Commerce Secretary Wilbur Ross spoke out Thursday morning about the current shutdown, and his comments are generating a lot of raised eyebrows and backlash. President's Trump pick for this position has had some significant gaffes before, but these latest comments are definitely not landing with the impact he intended.
As the Hill details, Ross just appeared on CNBC's Squawk Box -- and was asked about the current partial government shutdown. The Commerce Secretary's reply shocked many, both those impacted by the shutdown and those who are following the stories of workers feeling desperate about the lack of paychecks.
When the topic of people relying on food banks to get by was brought up, Ross said he knew many were using food banks, but admitted "I don't really quite understand why."
Ross, who is reportedly worth about $700 million, explained that he believed those who are now facing a second missed paycheck should be able to get a loan against the pay they expect to receive down the road when the shutdown is over.
"So the 30 days of pay that some people will be out, there's no real reason why they shouldn't be able to get a loan against it, and we've seen a number of ads of financial institutions doing that."In Ross' opinion, those not receiving pay right now should be able to use the promise of eventual pay to get a bridge loan to cover their expenses for now. While a number of banks and credit unions have offered no-interest or low-interest loans to help some of those affected by the shutdown, that hardly means that it's an avenue available to everybody.
A large number of those struggling during this partial government shutdown are contractors, people with a wide range of positions and incomes, who in all likelihood will get no back pay whatsoever. Even for those who will eventually get back pay, they are scrambling to pay for their rent or mortgage, credit card bills, utilities, childcare, medical costs, and other essential items. Utilizing food banks is a necessary step for many families who don't know when they will get a paycheck again.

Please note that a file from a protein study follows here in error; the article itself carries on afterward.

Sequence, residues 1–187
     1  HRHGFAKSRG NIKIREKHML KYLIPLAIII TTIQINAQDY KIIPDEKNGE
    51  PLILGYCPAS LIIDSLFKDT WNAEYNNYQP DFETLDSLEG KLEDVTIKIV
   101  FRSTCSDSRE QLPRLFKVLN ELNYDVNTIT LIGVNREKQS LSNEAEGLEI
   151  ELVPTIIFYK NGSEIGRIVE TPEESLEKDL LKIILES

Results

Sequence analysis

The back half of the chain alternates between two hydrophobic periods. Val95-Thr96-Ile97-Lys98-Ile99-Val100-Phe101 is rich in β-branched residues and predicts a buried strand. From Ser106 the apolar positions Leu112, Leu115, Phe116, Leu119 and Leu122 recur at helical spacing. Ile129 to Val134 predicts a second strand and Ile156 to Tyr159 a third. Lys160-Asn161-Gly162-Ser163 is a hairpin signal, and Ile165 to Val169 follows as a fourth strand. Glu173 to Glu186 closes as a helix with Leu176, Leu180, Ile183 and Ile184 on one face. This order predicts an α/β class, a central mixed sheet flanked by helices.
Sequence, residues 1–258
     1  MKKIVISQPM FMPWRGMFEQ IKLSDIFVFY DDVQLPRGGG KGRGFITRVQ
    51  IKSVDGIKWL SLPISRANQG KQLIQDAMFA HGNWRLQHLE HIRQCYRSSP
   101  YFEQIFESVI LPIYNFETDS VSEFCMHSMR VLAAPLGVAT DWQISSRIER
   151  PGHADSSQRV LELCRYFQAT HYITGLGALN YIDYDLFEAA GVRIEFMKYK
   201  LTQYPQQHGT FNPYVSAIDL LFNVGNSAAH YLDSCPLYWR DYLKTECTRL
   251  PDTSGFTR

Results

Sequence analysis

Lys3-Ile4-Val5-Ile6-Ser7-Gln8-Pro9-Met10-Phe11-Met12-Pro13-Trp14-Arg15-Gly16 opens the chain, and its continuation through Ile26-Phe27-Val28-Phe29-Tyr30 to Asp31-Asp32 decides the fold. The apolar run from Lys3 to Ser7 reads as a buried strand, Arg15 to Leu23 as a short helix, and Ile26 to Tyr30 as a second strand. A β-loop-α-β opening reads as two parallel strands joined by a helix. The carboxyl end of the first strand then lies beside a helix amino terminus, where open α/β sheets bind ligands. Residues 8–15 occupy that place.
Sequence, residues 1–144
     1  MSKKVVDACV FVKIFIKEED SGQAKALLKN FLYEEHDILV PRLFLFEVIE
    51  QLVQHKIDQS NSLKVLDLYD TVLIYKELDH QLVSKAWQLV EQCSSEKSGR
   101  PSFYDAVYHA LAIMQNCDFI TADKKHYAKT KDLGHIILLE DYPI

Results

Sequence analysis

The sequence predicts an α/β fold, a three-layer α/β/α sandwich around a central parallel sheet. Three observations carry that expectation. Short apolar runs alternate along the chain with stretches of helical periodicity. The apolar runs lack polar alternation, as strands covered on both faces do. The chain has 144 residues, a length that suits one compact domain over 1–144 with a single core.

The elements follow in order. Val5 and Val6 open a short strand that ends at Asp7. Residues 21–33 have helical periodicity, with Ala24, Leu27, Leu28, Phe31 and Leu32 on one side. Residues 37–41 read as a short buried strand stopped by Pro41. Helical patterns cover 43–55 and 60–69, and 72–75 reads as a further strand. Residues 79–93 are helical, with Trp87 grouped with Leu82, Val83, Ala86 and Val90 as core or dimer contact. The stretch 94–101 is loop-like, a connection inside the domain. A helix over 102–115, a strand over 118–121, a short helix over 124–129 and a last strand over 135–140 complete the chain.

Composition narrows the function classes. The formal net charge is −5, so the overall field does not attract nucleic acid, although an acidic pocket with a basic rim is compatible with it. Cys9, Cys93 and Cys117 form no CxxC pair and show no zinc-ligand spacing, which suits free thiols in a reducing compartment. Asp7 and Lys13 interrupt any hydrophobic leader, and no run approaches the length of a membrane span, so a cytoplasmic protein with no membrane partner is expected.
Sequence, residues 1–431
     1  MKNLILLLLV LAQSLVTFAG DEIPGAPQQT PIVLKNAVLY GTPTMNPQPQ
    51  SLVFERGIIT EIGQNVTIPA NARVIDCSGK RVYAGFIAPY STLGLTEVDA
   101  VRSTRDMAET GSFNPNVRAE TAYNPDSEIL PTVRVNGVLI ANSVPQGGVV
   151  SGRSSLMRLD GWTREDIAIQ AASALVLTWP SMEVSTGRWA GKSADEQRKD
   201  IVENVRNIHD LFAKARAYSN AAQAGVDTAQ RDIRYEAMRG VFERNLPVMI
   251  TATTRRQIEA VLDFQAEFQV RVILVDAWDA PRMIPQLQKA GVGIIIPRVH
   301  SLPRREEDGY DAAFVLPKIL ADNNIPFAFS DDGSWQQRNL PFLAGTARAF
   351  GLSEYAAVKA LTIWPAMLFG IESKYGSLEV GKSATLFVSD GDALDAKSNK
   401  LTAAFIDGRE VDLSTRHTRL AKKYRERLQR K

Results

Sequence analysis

Even with numerous banks or credit unions offering loans, that doesn't mean that every furloughed employee or contractor has access to those programs. Some may not be approved, and those who can't borrow against expected back pay are left with few options.Ross also downplayed the impact these workers will have on the overall economy. As Roll Call noted, the commerce secretary said that while he's sorry for those hardships, they made up a small percentage of the country's overall economy.
"You're talking about a third of a percent on our GDP. So, it's not like it's a gigantic number overall."CNN reporter Kaitlin Collins wrote a Twitter post claiming that she has also heard Ross say that he doesn't understand why air traffic controllers have been calling out of work in high numbers. Those air traffic controllers are one of many groups of workers who are expected to work on a delayed pay schedule during the shutdown.
In some cases, workers are sharing that they are struggling to put gas in the car to get to work. Others may not be able to pay for childcare to work while they remain unpaid. Ross apparently responded that the controllers are eventually going to be paid, seemingly befuddled by why they might be calling in sick in the meantime.
This latest appearance of Wilbur Ross has many critics feeling that the commerce secretary is painfully out of touch with the everyday people who are hurting as a result of this shutdown. This is just the latest in a long line of similar comments from Ross and those affected are likely frustrated by what seems like a lack of understanding and compassion.